Laura Gonzalez


Plan of Work — 13 Dec 2004

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No Pressure — 9 Dec 2004

I am submitting my application today if I can resist the temptation to proffread it for the 459th time. I am sure there are things I could do but my eyes won’t see anymore. With 2 part time jobs, a full time course, a social life and a few articles to write, I must let something go. This text is the thing I have most cared for in a long time and I can’t stop thinking of the step it represents. It is very important for me. I feel vulnerable thinking how much I want to do this research. One of my jobs has a lot to do with this necessity, though. I feel trapped, I need to extend the boundaries, I need to be a bit more in control.

During this last 3 months, the feedback on my proposed project as been wonderful: I got given books, my text has been checked a few times for intellectual consistency, articulation and spelling, interesting people have kept my brain away from complacent thoughts and someone whom I want as a supervisor send me a very supportive email even through I still haven’t applied. I can’t complain: people are interested and that is one of the signs of good research.

Because of its reflective and carefully planned nature, the submission feels to have more weight than when I moved countries from Spain to Portugal, then to Britain. Then, I was led by life, love and the need to experiment. I simply had to do it. Now, I lead and I wonder if supporting other people’s research will make mine easier or more difficult. The stakes are slightly higher in my case.

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Law of Desire — 8 Dec 2004

…necesitaba tenerte asi al precio que fuera…
…I needed to have you like this at whatever the price…

Law of desire by Pedro Almodovar, 1986

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One Seduction Per Month — 6 Dec 2004

iPod / Philippe Starck’s Juicy Salif Gold, 2000 / Manolo Blahnik’s design for Ossie Clark, 1972

Asolut Vodka bottle / Marcel Duchamp’s La mariee mise a nu par ses celibataires, meme / Lego

Post-it notes / Kevin Robert’s book Lovemarks, 2004 / Sueno amargo by Victoria Civera

Hello Kitty / La ley del deseo, Pedro Almodovar, 1986 / Robert Venturi’s house for his mother, Vanna, Philadelphia, 1964

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Research Cult — 3 Dec 2004

It must be professional deformation or mental illness. Each time I have to present in front of an audience, about any subject whatsoever, I appear to be the only one who has written it down in grammatically correct text rather that bullet pointed keywords, the only one who has rehearsed and timed the talk, one of the few with an actual point.

You may think that my systematic way of approaching presentations, conference papers or talks is a rigorous sensible one, but I very rarely get any feedback comments or questions apart from ‘oh, that sounds good’ or ‘you seem to have a pretty good idea of what you are doing’. Sometimes I can even hear a ‘phew!’ with that gesture of a hand going over a head.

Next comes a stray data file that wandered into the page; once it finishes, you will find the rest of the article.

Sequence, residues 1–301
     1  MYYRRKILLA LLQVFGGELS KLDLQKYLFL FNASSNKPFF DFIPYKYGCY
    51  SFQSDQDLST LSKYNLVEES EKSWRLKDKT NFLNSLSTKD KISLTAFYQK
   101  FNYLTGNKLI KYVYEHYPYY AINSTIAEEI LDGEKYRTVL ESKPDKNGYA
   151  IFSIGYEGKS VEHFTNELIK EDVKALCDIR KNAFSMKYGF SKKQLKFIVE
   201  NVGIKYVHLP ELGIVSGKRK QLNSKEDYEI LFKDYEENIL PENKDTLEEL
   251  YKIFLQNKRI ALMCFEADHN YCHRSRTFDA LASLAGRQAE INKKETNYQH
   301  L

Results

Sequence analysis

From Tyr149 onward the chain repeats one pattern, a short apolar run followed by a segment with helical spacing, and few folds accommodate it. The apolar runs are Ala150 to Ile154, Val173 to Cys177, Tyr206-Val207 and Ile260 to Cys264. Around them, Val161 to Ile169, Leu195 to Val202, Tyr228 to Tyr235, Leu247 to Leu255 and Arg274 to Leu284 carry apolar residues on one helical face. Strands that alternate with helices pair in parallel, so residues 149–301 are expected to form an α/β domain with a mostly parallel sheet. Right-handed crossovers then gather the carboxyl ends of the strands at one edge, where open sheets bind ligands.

I can’t wait to start my PhD and distance myself even more from the majority. I think was born to be a small minded researcher who will spend her whole live furthering knowledge for the benefit of other people. That, ladies and gentleman, requires rigour, rehearsals and arguments, to mention just a few qualities.

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About Me

I am an artist and writer. My recent practice performance, film, dance, photography and text, and my work has been performed, exhibited and published in many venues in Europe and the US. I have spoken at numerous conferences and events, including the Museum for the Fashion Institute of Technology in New York, the Medical Museum in Copenhagen, College Arts Association and the Association for the Psychoanalysis of Culture and Society. When I am not following Freud, Lacan and Marx’s footsteps with my camera or creating performance works as part of my Athenaeum Research Fellowship at the Royal Conservatoire of Scotland, I teach postgraduate students at Transart Institute.

I am currently immersed in an interdisciplinary project exploring knowledge and the body of the hysteric. In 2013, together with Child and Adolescent Mental Health practitioner Frances Davies, I co-edited the book ‘Madness, Women and the Power of Art’, to which I contributed a work authored with Eleanor Bowen. My book ‘Make Me Yours: How Art Seduces’ was published by Cambridge Scholars in 2016. In this text, investigates psychoanalytic approaches to making and understanding objects of seduction, including an examination of parallels between artistic and analytic practices, a study of Manolo Blahnik’s shoes as objects of desire, a disturbing encounter with Marcel Duchamp’s last work, and the creation of a psychoanalytically inspired Discourse of the Artefact, a framework enabling the circulation of questions and answers through a relational approach to artworks.